Thursday, November 19, 2009

More on Techne

Miss Self-Important writes:
"Abstract technical knowledge"? Is that like how I totally know how to change a flat tire in theory, but require people with actual knowledge to rescue me in practice?


That seems to be how he's using it.  Or rather knowledge that one can pass to another about how to do stuff as compared with knowledge that must be gained by experience.  I'm actually not very happy with his distinction or explanation, and Kenney has used it in other papers on terrorism.  Seems to be a go-to in his bag of intellectual tricks or he's really obsessed with it.  My guess actually, is that he's writing for the government and many of the government weenies are impressed with Greek words and think he must know what he's talking about because he's using these esoteric terms.  But it seems that simply saying theoretical learning versus experiential learning would be far simpler.  Nevertheless, his paper does offer some insights.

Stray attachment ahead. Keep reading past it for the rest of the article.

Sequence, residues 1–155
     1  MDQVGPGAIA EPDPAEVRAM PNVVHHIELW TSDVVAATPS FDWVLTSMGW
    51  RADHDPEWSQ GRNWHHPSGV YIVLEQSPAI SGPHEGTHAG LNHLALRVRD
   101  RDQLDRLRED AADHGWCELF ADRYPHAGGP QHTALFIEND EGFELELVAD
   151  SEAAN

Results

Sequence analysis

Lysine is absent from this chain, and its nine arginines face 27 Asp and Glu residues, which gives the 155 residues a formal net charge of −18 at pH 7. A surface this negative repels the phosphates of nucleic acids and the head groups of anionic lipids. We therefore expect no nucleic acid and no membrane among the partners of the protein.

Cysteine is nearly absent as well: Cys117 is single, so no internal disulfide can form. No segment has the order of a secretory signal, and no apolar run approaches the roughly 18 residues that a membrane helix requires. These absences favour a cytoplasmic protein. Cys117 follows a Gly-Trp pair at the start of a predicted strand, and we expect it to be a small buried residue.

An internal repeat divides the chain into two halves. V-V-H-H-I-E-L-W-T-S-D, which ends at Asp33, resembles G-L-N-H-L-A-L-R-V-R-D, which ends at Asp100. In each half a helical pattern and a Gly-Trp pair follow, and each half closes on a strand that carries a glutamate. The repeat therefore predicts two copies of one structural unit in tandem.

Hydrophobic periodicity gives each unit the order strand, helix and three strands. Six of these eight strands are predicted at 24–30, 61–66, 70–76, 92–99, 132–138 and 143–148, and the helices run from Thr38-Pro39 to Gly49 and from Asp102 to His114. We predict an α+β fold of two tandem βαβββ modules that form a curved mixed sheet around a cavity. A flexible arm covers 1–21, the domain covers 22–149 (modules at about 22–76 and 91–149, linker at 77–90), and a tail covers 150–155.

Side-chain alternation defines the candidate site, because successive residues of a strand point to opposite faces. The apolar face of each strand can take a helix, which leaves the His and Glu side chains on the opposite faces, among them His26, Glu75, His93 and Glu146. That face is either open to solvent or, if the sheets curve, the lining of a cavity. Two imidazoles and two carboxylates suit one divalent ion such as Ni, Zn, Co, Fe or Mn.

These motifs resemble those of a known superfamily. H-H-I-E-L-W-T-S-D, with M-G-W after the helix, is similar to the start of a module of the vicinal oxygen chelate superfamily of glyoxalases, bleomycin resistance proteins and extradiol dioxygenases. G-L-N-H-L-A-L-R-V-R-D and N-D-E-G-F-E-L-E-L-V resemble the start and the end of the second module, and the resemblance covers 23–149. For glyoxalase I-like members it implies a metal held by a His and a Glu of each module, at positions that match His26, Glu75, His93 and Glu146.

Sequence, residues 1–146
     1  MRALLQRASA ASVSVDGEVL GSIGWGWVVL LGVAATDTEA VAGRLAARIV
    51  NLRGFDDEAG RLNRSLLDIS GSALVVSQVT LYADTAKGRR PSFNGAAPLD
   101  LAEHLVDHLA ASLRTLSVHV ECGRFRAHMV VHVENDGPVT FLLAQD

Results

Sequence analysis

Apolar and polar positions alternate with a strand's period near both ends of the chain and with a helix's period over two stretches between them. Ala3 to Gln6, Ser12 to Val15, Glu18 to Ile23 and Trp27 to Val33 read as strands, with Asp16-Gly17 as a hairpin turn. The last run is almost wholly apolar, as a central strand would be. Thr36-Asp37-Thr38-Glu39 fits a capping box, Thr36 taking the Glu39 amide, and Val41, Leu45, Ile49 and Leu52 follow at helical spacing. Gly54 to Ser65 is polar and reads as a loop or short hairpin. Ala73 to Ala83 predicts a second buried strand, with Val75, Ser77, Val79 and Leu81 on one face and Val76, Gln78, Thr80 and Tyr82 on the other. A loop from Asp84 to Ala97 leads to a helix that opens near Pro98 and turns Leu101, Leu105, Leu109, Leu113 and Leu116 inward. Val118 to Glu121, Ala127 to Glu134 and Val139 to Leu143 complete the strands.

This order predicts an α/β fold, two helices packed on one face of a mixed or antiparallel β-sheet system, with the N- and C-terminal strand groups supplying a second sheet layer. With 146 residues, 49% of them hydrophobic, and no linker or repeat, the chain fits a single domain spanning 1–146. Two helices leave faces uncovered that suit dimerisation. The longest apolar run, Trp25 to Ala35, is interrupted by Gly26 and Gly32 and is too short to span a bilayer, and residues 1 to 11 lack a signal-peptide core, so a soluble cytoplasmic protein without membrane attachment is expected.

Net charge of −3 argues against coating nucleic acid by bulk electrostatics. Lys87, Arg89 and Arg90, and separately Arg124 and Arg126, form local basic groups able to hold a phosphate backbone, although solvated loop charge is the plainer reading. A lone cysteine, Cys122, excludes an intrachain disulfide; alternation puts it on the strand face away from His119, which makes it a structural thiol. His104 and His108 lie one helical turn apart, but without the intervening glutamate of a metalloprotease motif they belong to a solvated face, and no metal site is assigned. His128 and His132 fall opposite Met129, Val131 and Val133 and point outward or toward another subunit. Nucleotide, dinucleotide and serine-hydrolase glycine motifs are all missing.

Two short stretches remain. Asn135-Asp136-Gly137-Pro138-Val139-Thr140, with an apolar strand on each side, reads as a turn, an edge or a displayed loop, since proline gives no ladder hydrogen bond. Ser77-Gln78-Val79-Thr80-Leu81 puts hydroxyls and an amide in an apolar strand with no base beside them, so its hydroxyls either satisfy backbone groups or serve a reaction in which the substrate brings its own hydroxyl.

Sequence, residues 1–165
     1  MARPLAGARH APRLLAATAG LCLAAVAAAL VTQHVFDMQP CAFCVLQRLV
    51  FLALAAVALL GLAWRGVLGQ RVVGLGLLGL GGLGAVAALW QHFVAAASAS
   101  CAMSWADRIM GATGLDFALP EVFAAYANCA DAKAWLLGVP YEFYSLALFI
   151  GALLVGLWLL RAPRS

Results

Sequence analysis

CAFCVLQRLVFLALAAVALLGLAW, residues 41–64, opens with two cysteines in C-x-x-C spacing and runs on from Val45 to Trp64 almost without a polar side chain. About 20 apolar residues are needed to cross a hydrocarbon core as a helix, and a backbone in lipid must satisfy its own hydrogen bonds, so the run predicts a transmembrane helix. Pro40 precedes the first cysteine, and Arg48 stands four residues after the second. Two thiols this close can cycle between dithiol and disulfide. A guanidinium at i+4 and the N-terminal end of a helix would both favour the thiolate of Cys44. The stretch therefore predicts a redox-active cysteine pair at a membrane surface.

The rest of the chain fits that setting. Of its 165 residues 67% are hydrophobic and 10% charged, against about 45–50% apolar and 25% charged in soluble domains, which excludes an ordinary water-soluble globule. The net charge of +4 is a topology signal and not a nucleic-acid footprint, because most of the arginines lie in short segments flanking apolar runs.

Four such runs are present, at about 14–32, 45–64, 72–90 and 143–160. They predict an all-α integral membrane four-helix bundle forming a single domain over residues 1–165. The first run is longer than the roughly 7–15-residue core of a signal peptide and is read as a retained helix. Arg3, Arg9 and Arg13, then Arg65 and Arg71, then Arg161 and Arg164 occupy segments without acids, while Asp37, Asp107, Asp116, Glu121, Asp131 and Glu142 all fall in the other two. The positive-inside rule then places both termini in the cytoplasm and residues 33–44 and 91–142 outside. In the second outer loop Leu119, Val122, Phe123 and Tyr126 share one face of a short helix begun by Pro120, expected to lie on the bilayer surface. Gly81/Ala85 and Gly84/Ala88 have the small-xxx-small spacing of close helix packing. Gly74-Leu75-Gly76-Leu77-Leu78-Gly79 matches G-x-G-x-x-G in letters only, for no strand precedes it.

Yet, I'm far more interested in, and perhaps by consequence come across more often,  the distinction between techne, which in this case means something akin to "mechanical and practical arts" or "craft and craftsmanship", and poiesis, which in this case means "art," but is better understood as some metaphysical level of creation, in that the beauty of poetry is a metaphysical creation.  However, this distinction isn't terribly useful in the context of terrorism because, as I've been saying, it's a fundamentally materialist endeavor.

Then again, maybe my understanding of Techne is off.

1 comment:

Withywindle said...

Speaking as someone who has used the word techne and pretended to know something about it ... the word does actually call for a Skinnerian approach of tracing out what precisely has been meant by it by different people at different times. Ditto poiesis. Ditto, I suppose, most Greek philosophical vocabulary, especially when tortured by fiendish Germans.

 
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